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Jon Bon Jovi says iTunes is a prison and he can't break free. He says that the music business has been shot to the heart and Apple CEO Steve Jobs is to blame.
Rock superstar says Steve Jobs is killing music with iTunes

Apple, Inc., owner of the world's largest online music store, today yields tremendous power in the music business and is able to make or break musicians.  Even major record labels who are used to abusing customers and musicians alike find themselves victims of the power of iTunes.  Apple can essentially name its own terms, and refusing to comply is essentially business suicide, given the amount of revenue that iTunes generates.

That situation is very bad news according to rock legend Jon Bon Jovi.  The front man for the iconic 80s group Bon Jovi, he says that Steve Jobs promises musicians heaven, but puts them through hell.  

He says that because of Apple, independent music stores are going out of business.  He says record storeowners should hold on to what they've got -- it doesn't make a difference if they make it or not.  But he admits there's likely no one to save them, the damage is done.

In his interview with The Sunday Times, a British newspaper, Mr. Bon Jovi states, "Kids today have missed the whole experience of putting the headphones on, turning it up to 10, holding the jacket, closing their eyes and getting lost in an album; and the beauty of taking your allowance money and making a decision based on the jacket, not knowing what the record sounded like, and looking at a couple of still pictures and imagining it."

Now such stores are living on a prayer, thanks to Steve Jobs.  He comments, "God, it was a magical, magical time. I hate to sound like an old man now, but I am, and you mark my words, in a generation from now people are going to say: 'What happened?' Steve Jobs is personally responsible for killing the music business."

Mr. Bon Jovi has always prided himself on doing things his way.  But Steve Jobs is making it hard for him to live while he's alive.  

On the other hand, iTunes has made superstars out of some obscure independent artists, even as big time artists like Bon Jovi and brick and mortar stores find themselves down on their luck.  In other words, Apple offers artists great visibility, but is merciless in its pricing demands.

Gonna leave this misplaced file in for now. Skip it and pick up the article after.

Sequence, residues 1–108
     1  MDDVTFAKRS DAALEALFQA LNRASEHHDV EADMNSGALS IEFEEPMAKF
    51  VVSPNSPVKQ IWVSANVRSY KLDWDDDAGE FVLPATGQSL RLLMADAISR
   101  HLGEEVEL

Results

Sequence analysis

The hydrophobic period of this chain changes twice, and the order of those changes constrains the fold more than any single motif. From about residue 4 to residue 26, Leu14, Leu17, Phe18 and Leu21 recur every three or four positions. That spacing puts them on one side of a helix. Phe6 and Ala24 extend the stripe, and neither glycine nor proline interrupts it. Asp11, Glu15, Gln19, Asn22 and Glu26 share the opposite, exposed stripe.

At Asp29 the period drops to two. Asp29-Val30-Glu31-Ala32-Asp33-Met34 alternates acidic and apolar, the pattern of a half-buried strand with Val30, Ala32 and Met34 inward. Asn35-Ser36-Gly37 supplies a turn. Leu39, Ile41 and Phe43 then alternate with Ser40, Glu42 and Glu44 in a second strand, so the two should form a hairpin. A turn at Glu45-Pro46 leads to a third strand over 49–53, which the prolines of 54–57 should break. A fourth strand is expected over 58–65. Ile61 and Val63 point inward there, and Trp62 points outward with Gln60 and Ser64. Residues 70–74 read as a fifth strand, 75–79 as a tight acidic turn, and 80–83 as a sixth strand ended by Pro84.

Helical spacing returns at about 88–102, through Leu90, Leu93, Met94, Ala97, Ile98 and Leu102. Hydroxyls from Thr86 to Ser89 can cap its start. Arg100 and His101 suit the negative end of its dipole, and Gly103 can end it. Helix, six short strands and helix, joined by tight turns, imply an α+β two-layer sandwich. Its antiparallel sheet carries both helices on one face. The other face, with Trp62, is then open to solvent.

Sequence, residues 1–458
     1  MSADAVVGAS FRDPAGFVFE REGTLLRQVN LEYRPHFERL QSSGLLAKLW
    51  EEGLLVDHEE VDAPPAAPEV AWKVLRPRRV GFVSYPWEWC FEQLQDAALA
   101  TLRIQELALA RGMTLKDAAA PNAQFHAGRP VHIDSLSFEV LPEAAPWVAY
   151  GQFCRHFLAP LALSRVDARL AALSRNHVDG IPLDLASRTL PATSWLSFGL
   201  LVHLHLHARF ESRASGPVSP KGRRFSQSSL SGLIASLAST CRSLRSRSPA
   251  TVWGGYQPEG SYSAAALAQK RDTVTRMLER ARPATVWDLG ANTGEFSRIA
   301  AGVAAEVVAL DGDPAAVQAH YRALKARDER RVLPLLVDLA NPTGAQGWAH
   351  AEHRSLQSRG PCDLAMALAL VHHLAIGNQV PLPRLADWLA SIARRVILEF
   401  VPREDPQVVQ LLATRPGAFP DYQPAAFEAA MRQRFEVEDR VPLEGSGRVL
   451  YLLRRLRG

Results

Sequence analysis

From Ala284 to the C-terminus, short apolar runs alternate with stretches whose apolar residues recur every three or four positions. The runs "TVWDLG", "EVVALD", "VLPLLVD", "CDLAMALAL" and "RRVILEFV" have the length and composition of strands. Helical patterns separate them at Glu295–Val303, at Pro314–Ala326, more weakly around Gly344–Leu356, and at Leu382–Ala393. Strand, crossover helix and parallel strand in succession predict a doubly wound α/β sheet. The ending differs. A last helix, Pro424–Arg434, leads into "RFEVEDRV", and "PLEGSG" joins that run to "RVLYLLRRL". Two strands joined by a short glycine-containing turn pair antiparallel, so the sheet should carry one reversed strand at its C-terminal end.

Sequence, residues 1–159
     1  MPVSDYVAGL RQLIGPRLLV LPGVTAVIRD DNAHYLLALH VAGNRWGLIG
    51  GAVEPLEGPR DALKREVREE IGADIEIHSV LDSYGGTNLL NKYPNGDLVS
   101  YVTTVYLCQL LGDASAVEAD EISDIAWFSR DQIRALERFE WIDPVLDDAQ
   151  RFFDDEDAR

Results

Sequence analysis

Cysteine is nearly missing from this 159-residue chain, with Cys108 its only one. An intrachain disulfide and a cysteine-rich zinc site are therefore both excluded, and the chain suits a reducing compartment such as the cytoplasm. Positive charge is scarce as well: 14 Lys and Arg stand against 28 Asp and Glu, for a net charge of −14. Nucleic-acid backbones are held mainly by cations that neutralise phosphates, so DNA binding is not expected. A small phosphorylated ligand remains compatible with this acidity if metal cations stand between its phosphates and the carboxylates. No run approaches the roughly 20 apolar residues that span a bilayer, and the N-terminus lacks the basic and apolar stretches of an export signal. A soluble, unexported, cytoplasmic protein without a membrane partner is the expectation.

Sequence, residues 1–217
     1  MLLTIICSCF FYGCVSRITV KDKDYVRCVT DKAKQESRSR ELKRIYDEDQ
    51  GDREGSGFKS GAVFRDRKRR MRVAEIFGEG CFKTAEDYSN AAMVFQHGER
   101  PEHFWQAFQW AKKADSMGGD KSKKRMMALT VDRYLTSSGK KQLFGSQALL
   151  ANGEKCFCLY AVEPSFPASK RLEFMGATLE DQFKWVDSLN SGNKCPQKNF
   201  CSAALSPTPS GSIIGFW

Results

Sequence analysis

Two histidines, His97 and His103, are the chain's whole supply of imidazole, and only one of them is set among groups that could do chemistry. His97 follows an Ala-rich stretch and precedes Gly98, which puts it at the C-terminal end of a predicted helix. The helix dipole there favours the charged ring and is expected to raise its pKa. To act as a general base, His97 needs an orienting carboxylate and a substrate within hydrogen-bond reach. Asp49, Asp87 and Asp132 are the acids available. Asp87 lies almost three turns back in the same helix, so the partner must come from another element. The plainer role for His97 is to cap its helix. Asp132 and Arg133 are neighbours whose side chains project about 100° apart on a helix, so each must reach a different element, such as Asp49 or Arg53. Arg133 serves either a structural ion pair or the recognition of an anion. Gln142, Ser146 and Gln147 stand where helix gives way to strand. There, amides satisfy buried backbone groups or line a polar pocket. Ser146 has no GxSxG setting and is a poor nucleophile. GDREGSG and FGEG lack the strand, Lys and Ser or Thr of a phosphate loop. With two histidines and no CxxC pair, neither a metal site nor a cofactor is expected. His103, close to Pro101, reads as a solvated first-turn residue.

Ultimately, the industry might be halfway there to bucking the Apple beast.  Google is reportedly preparing to launch a major streaming music service.  That could mean an end to the era of Apple being able to list its demands to the music industry.



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Deja vu
By YashBudini on 3/15/2011 12:42:14 AM , Rating: 2
His comments reflect Elton John's comments about the record industry back when he was royally screwed on Goodbye Yellow Brick Road. The only thing that has changed is who the rapist is.

Of course it's always fun to take a criminal justice course, address intellectual property rights, and watch the heads of teenagers explode before than can even conceive of such an idea, not to mention all the cops that can't take it seriously.

JBJ - Get a website & release your own stuff there. You won't make much but you'll get heard enough, and most of the pocket money was made on tour anyway. Or better yet go on tour and play your new stuff announced on your website, just pretend recordings don't exist, you'll be far less upset that way. You'll never close Pandora's box, just walk away. Your fans will love you either way. (Not that I care for his music).




"Folks that want porn can buy an Android phone." -- Steve Jobs














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